V. 1 echoes Moses’ words whenever the Ark was moved (see Numbers 10:35). “As wax melts …”
v. 2 is the language of God’s presence. In Canaanite culture, the storm god, Baal, “rides upon the clouds” (heavens) (v. 4); here God does so
He is savior of the needy and persecutor of the ungodly (vv. 5-6).
Water was (and is) valuable in Palestine (vv. 8-10) to provide life. Earthquakes and deluges in vv8 are associate with Sinai
God’s “voice” (v. 33) is probably thunder, a sign of his “power” (vv. 34, 35). May all people everywhere (“kingdoms of the earth”, v. 32 not in the readings) praise God! To the early church, this psalm foretold the ascension of Christ, his rule over the entire earth.
The final verses of the psalm underline the majesty of God and, importantly for us on Easter 7 after Ascension, his rule over the whole earth.
Epistle – 1 Peter 4:12-14; 5:6-11
This week concludes the series of readings from 1 Peter that have provided the Second Reading through the Easter season.
This passage reflects the experience and the perspective of an emerging Christianity community that is sufficiently established to be noticed (and persecuted) by their contemporaries, but does not yet have the protection offered by antiquity or allies in high places.
In the final verses of the letter, the author exhorts his readers (who are being persecuted at least to the extent of being made to feel inferior) to accept their “ordeal” as something to be expected and as testing their mettle. Christ is not just an example of suffering-for-doing-good; they are to rejoice that in suffering they actually share in his sufferings.
This is preparation for union with him when he comes again (“when his glory is revealed”, 4:13). They are indeed fortunate (“blessed”, 4:14) that the Spirit, the source of oneness with God (“glory”) is with them. For a Christian, to suffer for doing good is not a “disgrace” (4:16). Their suffering is in fact the start of end-time judgement. How much worse off will be those who do not “obey” (4:17) Christ’s message!
In the conclusion, the author addresses fellow “elders” (5:1) as one who shares in the certain hope of Christ’s return. He exhorts the leaders to:
-care for the faithful,
-oversee them in doctrine and discipline,
-treat them as equals, and
-be examples to them.
All the faithful must make effort to “humble yourselves” (5:6) before God, who is always the great deliverer and to whom you owe obedience (“mighty hand”), so that in God’s time (“due time”) you will be brought into full union with him. Trust in God (5:7). Remain “alert” (5:8) for evil is always trying to divert you from God’s ways! Others also suffer as you do (5:9b). Your suffering will be brief; then God who has called you to eternal life will give you strength and the status due to you (“establish”, 5:10).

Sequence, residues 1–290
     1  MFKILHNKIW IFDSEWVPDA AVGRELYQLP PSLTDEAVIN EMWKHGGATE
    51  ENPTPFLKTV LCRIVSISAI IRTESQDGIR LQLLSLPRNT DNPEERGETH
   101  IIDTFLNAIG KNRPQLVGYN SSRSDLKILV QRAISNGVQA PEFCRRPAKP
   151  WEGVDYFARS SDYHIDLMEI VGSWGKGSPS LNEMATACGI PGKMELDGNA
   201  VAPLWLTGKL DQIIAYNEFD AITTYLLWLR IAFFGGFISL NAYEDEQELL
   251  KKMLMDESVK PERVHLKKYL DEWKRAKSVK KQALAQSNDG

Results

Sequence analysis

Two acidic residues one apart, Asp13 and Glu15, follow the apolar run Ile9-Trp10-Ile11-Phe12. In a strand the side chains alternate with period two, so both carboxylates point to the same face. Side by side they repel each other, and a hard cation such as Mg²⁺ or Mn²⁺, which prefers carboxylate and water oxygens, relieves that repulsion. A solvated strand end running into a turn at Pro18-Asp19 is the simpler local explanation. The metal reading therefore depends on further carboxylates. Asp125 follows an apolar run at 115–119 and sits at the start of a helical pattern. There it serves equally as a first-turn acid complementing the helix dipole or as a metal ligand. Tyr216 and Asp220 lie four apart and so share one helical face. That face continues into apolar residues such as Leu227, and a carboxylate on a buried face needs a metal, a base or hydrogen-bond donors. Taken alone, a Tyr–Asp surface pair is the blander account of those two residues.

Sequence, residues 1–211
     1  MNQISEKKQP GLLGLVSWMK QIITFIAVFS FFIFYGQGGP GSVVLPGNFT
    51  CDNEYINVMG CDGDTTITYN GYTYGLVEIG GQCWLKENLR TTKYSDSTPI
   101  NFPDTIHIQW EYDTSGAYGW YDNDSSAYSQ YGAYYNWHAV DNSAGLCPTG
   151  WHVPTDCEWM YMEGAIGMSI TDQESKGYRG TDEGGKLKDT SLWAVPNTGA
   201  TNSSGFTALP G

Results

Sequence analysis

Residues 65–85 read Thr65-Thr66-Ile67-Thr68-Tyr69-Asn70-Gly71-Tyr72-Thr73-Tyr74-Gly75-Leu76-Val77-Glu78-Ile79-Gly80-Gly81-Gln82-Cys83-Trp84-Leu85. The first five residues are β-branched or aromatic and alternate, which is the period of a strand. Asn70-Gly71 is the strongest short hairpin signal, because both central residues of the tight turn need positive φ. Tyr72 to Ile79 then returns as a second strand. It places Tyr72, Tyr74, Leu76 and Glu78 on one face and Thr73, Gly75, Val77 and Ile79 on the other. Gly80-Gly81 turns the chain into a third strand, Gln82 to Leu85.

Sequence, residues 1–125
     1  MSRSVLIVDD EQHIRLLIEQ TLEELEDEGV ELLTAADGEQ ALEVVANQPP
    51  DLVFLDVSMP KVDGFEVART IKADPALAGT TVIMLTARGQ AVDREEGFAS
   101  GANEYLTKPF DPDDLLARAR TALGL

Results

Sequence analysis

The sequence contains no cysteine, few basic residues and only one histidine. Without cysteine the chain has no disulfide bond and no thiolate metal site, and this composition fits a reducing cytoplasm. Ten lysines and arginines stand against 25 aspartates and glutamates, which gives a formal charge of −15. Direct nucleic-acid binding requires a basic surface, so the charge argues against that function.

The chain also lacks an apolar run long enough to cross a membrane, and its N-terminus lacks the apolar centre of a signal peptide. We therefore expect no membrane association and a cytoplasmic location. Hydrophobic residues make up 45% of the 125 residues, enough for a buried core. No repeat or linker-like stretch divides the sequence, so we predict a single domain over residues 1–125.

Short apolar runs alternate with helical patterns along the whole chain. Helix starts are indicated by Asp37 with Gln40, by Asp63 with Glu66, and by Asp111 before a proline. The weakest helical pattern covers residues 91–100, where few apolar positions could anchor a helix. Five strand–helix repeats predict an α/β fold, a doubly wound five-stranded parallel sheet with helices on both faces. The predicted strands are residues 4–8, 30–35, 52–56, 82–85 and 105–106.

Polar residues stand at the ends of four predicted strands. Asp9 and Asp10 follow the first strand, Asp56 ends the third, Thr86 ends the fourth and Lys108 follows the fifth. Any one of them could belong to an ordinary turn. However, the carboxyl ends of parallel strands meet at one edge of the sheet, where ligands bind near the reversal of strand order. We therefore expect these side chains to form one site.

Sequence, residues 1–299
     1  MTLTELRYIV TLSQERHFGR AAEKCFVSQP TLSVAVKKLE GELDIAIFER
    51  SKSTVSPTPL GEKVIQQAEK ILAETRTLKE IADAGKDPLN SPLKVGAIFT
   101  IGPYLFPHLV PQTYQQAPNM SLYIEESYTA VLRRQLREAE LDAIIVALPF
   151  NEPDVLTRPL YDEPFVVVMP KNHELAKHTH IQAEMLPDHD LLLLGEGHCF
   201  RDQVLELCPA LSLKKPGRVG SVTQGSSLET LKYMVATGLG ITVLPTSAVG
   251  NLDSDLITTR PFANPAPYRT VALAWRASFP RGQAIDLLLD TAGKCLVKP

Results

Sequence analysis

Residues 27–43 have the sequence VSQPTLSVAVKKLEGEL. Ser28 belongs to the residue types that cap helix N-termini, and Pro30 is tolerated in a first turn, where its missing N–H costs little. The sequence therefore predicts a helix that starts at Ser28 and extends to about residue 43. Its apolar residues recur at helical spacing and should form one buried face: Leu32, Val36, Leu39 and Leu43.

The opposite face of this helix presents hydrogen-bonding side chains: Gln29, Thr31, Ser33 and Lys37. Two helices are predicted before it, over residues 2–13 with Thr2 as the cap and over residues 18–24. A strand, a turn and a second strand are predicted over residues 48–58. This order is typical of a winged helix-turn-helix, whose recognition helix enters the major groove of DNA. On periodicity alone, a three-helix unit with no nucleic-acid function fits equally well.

Gospel – John 17:1-11
The lectionary places Jesus’ prayer concerning glory at the end of the Easter season, but in John’s gospel the prayer occurs at the end of the Last Supper. The prayer–like the rest of John’s gospel–connects glory to the crucifixion itself.
Jesus has just ended his instructions to his disciples; he has concluded with “In the world you face persecution. But take courage; I have conquered the world!” The is a public prayer but one to be heard and reflected upon. It has also been described as the ‘high priestly prayer’ of Jesus, a designation inspired by the portrait of Jesus in Hebrews and by the imagery of 17:19.
Verses 1-8 constitute the beginning of a prayer in which Jesus reiterates his relationship with, authority received from, and activities for God.
The time appointed by God for his departure (crucifixion, resurrection and ascension) has come.
Jesus has been glorifying the Father on earth, making God’s name known , and passing on God’s words. Glorifying is how God is made known to humans. He had glorified the Father by His earthly life of obedience and submission. During his public ministry Jesus taught what God wanted him to teach, and performed the healings and other works that God wanted him to perform. Such faithfulness honors God (8:49). In another sense, however, Jesus glorified God by revealing God’s power.
According to John’s gospel, Jesus made divine power visible by the miraculous signs he performed. If the signs reveal God’s glory by displaying divine power, the crucifixion reveals God’s glory by conveying divine love. The crucifixion completes Jesus’ work of glorifying God on earth, for by laying down his life he gives himself completely so that the world may know of Jesus’ love for God and God’s love for the world (John 3:16; 14:31).
What he brings is the offer of life in relationship. To do the goal of the commission is variously described as the passing on of eternal life , thus enabling people to know God and Jesus Christ, to keep the word , to receive the words , to know and believe what the Son claims about his commission , to glorify the Son and to become one .
It begins now in faith, as people come to know the love of the God who made them. And such life has a future through the promise of resurrection. Yet the gospel also recognizes that "No one has ever seen God" (1:18). God’s presence is hidden until God chooses to reveal it. The theme of glory has to do with the way revelation takes place.